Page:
From P2.5M to P60M: How VP Binay amassed his wealth
MANILA, Philippines – The camp of Vice President Jejomar Binay on Wednesday, September 24, insisted that every single peso to his name and all of his properties are accounted for, amid accusations of corruption when he was mayor of Makati.
“Allegations are easy to concoct but numbers are hard to refute,” said Cavite Governor Juanito Victor Remulla, Binay’s spokesman for political affairs, in a press conference on Wednesday, September 24.
Binay’s wealth has been under scrutiny following a plunder case filed against him over an alleged overpriced Makati City building. The plunder raps sparked a Senate probe, which has since become the setting for one exposé after another on the Vice President's alleged corrupt ways.
Ahead of the Senate’s sixth hearing on the issue, Binay released his Statements of Assets, Liabilities, and Net Worth (SALN) from 1988 to 2013. Binay was Makati mayor from 1986 to 2001, and from 2004 to 2010.
He took a "break" from 2001 to 2004 after serving 3 consecutive terms as mayor. His wife, Elenita, was elected Makati mayor during that time.
As of 2013, Binay and his wife have a declared net worth of P60,118,766 (*$1.4 million), a huge leap from their declared net worth when he first assumed his post as mayor of Makati.
Back in 1988, Binay had a net worth of P2,527,724.85 (*$56,870.46), and 5 real properties under his name: a house in San Antonio Village, Makati; a house in Laguna; houses in Alabang, Muntinlupa and San Pedro, Laguna; as well as agricultural land in Isabel, Batangas, and Bataan.
From 1986 to 2013, the couple recorded a consolidated net income of P83,115,268.23 (*$1.9 million) with taxes amounting to P23,054,751.93 (*$518,635).
The same day, Binay released his SALNs to the public, he led the first organizational meeting of his new "party" for the 2016 elections. In a meeting featuring his allies from all over the country, the Vice President announced that the United Nationalist Alliance (UNA) would turn into a political party in time for the 2016 polls.
Binay is thus far the only confirmed candidate in the 2016 presidential race.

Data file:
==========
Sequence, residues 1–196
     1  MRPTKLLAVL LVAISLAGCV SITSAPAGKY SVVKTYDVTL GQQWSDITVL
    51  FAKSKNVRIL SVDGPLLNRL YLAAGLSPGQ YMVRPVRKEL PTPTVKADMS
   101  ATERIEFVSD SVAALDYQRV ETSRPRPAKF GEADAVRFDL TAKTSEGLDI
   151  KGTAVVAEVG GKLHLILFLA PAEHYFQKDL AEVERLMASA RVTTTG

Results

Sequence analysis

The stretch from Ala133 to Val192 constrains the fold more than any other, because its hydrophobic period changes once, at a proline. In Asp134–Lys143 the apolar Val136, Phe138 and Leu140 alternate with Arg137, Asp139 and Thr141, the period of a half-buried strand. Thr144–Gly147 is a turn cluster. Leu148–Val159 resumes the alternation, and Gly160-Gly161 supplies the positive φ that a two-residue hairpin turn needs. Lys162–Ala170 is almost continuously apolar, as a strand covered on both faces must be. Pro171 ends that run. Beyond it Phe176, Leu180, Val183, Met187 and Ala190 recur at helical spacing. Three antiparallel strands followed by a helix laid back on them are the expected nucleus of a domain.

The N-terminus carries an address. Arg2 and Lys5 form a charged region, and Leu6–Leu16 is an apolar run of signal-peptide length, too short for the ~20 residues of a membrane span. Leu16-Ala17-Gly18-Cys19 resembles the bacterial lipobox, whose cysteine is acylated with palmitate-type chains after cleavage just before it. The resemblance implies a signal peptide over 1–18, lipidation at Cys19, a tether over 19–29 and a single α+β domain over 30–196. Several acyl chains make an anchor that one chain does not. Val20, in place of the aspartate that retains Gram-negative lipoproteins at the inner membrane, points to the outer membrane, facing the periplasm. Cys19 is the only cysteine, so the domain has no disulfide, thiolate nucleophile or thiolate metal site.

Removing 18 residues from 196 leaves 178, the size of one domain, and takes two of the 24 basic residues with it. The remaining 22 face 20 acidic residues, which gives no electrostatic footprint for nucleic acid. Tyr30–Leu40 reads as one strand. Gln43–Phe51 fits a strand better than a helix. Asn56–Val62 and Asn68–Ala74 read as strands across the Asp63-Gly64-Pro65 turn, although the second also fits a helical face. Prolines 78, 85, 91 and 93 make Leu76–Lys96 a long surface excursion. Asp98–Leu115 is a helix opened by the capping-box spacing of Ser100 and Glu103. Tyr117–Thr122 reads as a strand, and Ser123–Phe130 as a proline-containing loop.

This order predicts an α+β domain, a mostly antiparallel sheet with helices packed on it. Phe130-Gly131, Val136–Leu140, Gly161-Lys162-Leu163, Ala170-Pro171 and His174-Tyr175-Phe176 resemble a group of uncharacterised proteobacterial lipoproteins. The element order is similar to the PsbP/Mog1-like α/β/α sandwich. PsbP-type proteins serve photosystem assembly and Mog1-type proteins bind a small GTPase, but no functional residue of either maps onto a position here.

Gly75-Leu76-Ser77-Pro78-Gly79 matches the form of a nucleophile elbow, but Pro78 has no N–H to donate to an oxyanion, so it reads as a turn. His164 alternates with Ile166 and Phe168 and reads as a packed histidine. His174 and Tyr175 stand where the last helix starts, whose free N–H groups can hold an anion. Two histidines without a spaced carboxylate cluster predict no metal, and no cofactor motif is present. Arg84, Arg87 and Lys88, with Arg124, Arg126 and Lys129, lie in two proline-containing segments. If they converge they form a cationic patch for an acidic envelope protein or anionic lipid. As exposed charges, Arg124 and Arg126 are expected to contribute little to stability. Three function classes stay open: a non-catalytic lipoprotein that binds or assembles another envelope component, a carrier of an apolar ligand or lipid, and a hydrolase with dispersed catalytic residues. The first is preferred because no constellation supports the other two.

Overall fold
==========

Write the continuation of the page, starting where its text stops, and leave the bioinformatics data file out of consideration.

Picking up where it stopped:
Remulla and Binay’s legal counsels Martin Subido and Princess Turgano said a review of Binay’s SALN and Income Tax Returns would show how the Vice President and his wife amassed wealth through legal means, refuting the claims of key resource persons in the Senate probe.
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- Former employee: Fixing bids 'usual practice' in Makati
- Former ally: VP Binay got 13% from Makati projects
Former allies and Makati officials allege that Binay and his family – his wife, son Makati Mayor Jejomar Erwin Binay Jr, and daughters Senator Nancy Binay and Makati Representative Abigail Binay – all benefitted from the city’s coffers.
The Vice President allegedly got a 13%-kickback for every city project. Funds were also supposedly used to finance their campaigns in the 2010 elections.
Although Binay’s camp has dismissed the hearing as merely political in nature, Remulla said his SALNs and ITRs were released to the public in the spirit of “leadership by example.”
Binay isn’t the only public official whose finances are under intense public scrutiny. Police officials are set to undergo lifestyle checks after a string of crimes involving men in uniform.
“We thought that it be best we do [lifestyle check] first to show that the VP leads by example,” said Remulla.
Based on documents released to the media, Binay’s income grew by leaps and bounds in a span of almost two decades. Binay’s cash cow then was “JCB Farms,” a piggery business based in Rosario, Batangas.
From 1994 to 2010, JCB Farms brought in over P44.4 million for the Vice President.
Prior to starting his piggery business, Binay’s income did not even hit P10 million. In 1993, Binay reported a net worth of P7.7 million.
“From 1989 to 1991, the Vice President’s only source of income was his salary as mayor of Makati,” Turgano added. In those same years, Binay’s wife ran a flower shop business that sourced its products from a leased property also in Rosario, Batangas.
His camp also clarified that the land was never owned by Binay, and that he was leasing the 9-hectare property, refuting a 2001 Newsbreak report. (READ: The Lord of Makati: Can Binay explain his wealth?)
“The visibility of the Vice President and his family in Rosario, Batangas, is therefore due to the piggery business and the flower farm for Dra. Binay’s flower shop business,” said Turgano.
After winning the vice presidency in 2010, Binay divested from JCB farms. That same year, the Vice President reported P13,541,711 in excess campaign contributions. Fresh off his electoral win, Binay’s net worth increased by almost P13 million – from P44.8 million in 2009 to P58 million by the end of 2010.
Remulla said they have yet to clarify if excess campaign donations are considered income and are thus taxable but said Binay “is willing to submit to the Bureau of Internal Revenue if there are any requirements as such.”
The Binay couple has 11 real properties totalling P13.9 million to their name: the same house and lot in San Antonio Village, Makati which is now worth around P7.1 million (fair market value) and 9 other residential lots and agricultural land.
As of 2014, Binay’s only source of income is “his salary and the Blooms and Bouquet flower business of his wife,” according to Subido. – Rappler.com
*$1 = P44.45
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